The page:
Pastiche - storytelling about storytelling

"Inglorious Basterds",
written and directed by Quentin Tarantino

“I love rumors. Facts can be so misleading, where rumors, true or false, are often revealing.” - Col. Landa - “Inglorious Basterds”

The characters in Tarantino’s films are high on performing their own lives. They are storytellers of their own lives. They are self-aware of their own, self created NARRATIVES. That’s what makes them so cool. That’s probably why the entire planet went nuts over “Reservoir Dogs” and “Pulp Fiction”.

Not only the characters in these stories are high on storytelling. The storyteller himself is high on his craft. More: the story is high on itself. Through its stylization, its self awareness. The story is at the same time both sincere and self-reflective. The key is “at the same time”, because any fool can write something straight and later comment on it.

In the Internet posted (leaked way too early?) script for “Inglorious Basterds” there is so much typographical and grammatical lapses that either Tarantino uses a manual typewriter, writes very fast, is a dyslexic or just plainly fucks with some future uptight reader. Probably the latter, as per (narratively justified) “basterds”. It works, judging by the number of indignant “He’s a fraud. He can’t write, he misspells!” comments. I wish I could participate in this delicious game, but with my English I have to restrain to the most general aspects of storytelling in the script.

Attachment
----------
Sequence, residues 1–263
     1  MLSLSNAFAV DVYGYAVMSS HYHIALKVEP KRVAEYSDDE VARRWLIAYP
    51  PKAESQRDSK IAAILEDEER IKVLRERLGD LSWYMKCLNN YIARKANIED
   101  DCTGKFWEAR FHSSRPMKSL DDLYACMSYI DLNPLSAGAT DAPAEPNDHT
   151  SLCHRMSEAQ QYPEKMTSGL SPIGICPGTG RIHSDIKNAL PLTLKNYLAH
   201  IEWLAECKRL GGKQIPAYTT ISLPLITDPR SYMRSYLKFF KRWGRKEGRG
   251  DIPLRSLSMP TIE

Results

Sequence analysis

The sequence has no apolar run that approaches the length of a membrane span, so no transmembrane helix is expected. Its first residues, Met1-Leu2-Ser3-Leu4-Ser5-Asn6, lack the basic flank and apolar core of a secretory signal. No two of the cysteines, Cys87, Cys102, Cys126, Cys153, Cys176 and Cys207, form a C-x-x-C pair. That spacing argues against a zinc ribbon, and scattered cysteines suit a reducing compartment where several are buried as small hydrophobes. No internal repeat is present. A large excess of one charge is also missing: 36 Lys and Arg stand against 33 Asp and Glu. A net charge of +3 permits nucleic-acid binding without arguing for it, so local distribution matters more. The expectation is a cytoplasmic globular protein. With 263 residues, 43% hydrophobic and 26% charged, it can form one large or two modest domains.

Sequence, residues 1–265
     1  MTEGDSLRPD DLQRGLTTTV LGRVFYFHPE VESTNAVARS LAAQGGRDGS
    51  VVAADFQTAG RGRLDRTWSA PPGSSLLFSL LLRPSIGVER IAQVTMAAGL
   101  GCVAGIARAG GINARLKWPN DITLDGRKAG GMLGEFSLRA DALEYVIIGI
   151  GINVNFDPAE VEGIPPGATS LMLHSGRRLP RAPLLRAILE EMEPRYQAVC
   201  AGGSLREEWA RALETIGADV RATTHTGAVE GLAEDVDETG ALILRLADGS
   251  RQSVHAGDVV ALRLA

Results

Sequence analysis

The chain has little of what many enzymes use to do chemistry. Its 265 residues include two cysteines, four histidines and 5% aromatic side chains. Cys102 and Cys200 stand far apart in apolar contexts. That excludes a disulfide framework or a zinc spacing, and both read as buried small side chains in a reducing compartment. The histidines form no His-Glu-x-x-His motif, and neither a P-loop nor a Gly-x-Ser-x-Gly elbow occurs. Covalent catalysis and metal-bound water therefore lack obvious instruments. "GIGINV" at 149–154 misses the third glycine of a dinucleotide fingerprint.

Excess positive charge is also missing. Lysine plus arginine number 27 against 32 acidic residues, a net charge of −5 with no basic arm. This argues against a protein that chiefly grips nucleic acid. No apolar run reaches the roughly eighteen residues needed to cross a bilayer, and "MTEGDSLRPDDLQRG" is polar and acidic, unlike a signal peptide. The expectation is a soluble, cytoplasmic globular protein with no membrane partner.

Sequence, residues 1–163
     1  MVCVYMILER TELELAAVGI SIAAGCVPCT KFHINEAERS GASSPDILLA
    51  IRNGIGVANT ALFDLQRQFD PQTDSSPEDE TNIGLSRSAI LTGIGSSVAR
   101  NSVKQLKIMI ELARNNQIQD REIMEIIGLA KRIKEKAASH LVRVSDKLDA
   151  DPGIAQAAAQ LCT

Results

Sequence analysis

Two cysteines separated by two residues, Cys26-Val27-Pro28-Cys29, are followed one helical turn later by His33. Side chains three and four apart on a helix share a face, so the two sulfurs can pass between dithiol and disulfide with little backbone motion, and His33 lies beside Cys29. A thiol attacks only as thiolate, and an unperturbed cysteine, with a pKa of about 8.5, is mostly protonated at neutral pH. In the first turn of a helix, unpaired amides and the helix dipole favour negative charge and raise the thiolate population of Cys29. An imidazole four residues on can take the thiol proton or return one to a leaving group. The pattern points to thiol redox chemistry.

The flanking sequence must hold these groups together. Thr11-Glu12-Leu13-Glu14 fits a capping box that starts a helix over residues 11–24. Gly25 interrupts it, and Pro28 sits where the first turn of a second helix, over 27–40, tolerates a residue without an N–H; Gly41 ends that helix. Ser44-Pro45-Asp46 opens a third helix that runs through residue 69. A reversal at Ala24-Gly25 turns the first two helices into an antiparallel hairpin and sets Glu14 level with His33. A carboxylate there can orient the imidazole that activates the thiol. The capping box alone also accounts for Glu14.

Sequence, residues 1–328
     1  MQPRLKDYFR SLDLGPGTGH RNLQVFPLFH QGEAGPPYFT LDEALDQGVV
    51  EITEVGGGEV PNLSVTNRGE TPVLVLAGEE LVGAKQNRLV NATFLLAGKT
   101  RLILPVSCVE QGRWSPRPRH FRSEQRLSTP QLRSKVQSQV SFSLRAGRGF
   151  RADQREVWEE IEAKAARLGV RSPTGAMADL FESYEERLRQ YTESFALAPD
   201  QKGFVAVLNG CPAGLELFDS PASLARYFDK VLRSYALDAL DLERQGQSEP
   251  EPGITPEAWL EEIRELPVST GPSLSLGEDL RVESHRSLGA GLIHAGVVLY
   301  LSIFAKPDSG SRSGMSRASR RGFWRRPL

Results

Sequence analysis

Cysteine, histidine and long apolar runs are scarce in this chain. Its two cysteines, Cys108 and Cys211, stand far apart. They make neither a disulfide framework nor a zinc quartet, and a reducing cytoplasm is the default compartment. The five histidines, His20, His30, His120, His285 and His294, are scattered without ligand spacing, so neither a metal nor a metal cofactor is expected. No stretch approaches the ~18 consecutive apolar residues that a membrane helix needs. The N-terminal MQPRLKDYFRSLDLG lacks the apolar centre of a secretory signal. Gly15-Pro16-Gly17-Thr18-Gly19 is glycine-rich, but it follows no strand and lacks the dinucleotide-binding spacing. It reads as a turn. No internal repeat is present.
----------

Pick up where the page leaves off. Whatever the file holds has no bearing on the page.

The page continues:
Let’s take the 18 page long prologue. The upcoming events are foreshadow by the four stylistic elements:

The title. “Once Upon a Time in France”. A narrative aspect of what will follow can’t be spelled out more clearly.

The context. In the Nazi occupied France when a military car drives up to a farm house it most likely announces something no good. In fact, anything Nazi is no good.

The initial info (on page 2) that something is dramatically off. “After living for a year with a sword of Damocles suspended over his head, this may very well be the end.” We don’t know what’s wrong but the sentence is clear enough. Afterwards the more time is spent on pleasantries the more suspense accumulates. Pure Hitchcock.

And finally the narrative self-consciousness of the bad guy, Col. Landa, who gets off on his act and whose “acting” drives the Proloque.

The resulting pages are a great read. Of course the proof of the pudding is in the eating so I can’t wait to see the actual film.

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